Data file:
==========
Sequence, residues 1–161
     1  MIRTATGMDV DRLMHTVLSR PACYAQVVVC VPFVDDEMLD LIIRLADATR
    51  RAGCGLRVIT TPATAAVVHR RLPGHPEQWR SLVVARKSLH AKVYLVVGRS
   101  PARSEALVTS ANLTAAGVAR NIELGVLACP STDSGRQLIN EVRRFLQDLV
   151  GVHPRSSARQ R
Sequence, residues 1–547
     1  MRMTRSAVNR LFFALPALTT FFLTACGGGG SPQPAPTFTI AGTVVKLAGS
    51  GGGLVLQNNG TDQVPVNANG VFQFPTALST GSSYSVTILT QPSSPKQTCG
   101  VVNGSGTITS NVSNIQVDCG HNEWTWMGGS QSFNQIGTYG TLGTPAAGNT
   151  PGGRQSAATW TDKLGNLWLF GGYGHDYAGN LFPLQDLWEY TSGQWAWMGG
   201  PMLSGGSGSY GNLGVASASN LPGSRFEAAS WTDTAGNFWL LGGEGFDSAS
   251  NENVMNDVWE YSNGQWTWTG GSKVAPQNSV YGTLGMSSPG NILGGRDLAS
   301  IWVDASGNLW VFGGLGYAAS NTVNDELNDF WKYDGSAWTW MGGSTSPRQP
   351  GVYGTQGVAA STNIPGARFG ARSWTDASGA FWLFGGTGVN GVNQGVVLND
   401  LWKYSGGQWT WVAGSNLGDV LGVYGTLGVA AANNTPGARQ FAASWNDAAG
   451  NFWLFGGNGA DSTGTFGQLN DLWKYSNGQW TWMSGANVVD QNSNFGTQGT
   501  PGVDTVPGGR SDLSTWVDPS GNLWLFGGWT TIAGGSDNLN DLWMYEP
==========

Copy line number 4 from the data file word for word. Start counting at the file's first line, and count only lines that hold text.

   101  PARSEALVTS ANLTAAGVAR NIELGVLACP STDSGRQLIN EVRRFLQDLV